12. Church Going Through a Pastor’s Fall
Over thirty years ago,when my sins were exposed, several men discussed with me the possibility of taking a leave of absence and eventually returning to the pulpit. At the time it was the only thing I had to hold onto. In some ways it gave me hope, although false hope. It made sense to me at the time. I was a good preacher. I was a good pastor in many ways. I had helped the church improve in many areas. A leave of absence made sense to me. Now these many years later, I will tell you honestly that it really makes no sense at all. Most of the time (if not all of the time) a leave of absence for moral failures makes no sense whatsoever. Let me share with you some thoughts regarding this.
1. Credibility is a very important part of pastoring. A pastor with a moral failure has destroyed his credibility with his people. Perhaps he can pastor again, but not at the same church. His moral failings have disqualified him from being trusted by those who had trusted him and who he betrayed.
2. Sometimes the position itself is dangerous to the man. I miss pastoring. I really do. There have been times when I have thought I could go out and start a church and probably be successful. I have always come to the conclusion that it is not a good place for me to be. I believe that some men are better out of the pastorate, than we are in it. I doubt most pastors would ever admit to that, but I believe it’s true. There are some men who just don’t belong in that position. It changes them, so they are better off not pastoring.
3. Often a moral failing is a priority failure as well. A man has placed his ministry above his marriage. He has placed his “success” as a pastor above his walk with God and the purity in his life. Sometimes it is best that we step aside to concentrate on getting and keeping our priorities straight and let others take that position.
4. For a man to take a leave of absence minimizes the severity of the sins. Let’s face it, a man who is going to take a leave of absence is going to do his best to minimize the severity of the sins in his life. Usually there is more there than meets the eye. A leave of absence often times leaves less room for repentance. There are more sins under the surface that people have not seen. Knowing that he is possibly going to return to the pulpit will tempt him to cover the other sins. I have seen this happen time and time again by men who took a leave of absence after being caught in a moral failure. Later, other sins were exposed. I think it’s best that a man step aside and not even make an attempt to return as pastor of that church.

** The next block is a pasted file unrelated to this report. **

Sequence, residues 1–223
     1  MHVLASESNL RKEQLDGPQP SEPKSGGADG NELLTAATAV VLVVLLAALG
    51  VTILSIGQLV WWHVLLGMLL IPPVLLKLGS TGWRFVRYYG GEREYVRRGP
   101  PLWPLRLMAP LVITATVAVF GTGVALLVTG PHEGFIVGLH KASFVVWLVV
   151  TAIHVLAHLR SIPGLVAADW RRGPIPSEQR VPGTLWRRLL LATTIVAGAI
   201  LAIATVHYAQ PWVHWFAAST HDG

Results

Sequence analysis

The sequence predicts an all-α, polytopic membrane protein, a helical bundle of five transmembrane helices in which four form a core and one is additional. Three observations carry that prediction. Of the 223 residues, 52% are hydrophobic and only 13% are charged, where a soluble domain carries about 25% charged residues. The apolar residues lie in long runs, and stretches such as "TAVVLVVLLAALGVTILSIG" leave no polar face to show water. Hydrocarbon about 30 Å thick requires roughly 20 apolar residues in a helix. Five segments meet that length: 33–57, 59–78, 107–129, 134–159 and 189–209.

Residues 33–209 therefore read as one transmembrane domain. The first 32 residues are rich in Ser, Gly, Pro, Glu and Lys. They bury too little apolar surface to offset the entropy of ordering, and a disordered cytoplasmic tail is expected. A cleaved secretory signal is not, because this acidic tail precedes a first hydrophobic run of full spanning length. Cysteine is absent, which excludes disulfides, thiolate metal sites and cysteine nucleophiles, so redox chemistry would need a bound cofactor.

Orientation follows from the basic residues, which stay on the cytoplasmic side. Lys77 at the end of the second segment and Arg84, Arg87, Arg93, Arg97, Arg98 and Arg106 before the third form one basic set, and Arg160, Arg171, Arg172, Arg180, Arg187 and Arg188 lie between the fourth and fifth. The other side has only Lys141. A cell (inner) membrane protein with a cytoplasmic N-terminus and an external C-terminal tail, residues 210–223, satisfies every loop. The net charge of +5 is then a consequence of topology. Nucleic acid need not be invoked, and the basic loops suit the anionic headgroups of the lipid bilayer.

5. Wanting to take a leave of absence is often an act of selfish desperation. I know for me it was. I did not want to lose what I had. I was afraid of the unknowns before me. My faith was in my position, more than in God. I was not thinking about what was best for the people I had hurt, but what was best for me.
6. Perhaps a leave of absence from the position of pastor is a possibility, but the return should remain openended. I do not believe that a man should be told that he could be back in the position in a certain period of time. I am not referring to the position in the same church, but the position of pastor anywhere. Usually, a timetable is a dangerous thing. If a man is going to pastor again, he should should go through a process and wait for God to open a door for him to pastor again. In fact, the door should be open only by God and not by men.
7. It is dangerous and foolish even for someone to return to the pastorate too quickly after a moral failing. Slow down my friend. Let God do a work in your life and wait for God to lead you where he wants you to be. Moral failures are not hiccup sins. They are a sign of major problems and must be dealt with carefully and deliberately.
8. Returning to the pastorate may bring heartache. I have heard stories of pastors, who after returning to a position of pastor faced terrible attacks. Some were so hurt and bitter that their lives became of no use whatsoever. Their families were forced to relive what had happened years before. Had they been content to stay in a position behind the scenes, they would have been exposed to far less scrutiny and thus fewer attacks. Be careful, you may get what you want and then wish you didn’t have it.
Pastoring is something that can get into your blood. I miss it, but, sometimes a leave of absence should be permanent. That said, we should always restore someone to fullservice for God. That does not mean the position of pastor. Perhaps we have elevated the position of pastor as too preeminent. A pastor is merely a man in a position of service for God. Having the title does not make him a better man. Not having the title does not make one a lesser man. Be careful not to elevate the position too highly.
In conclusion, I know men who were out of the pastorate for many years and have recently returned. I applaud them. I am glad to see them there. I see in them a humility that I did not see before. I am glad that you have returned to that position. As for me, I doubt that it will ever be right, but I rejoice for those who have had the opportunity to return.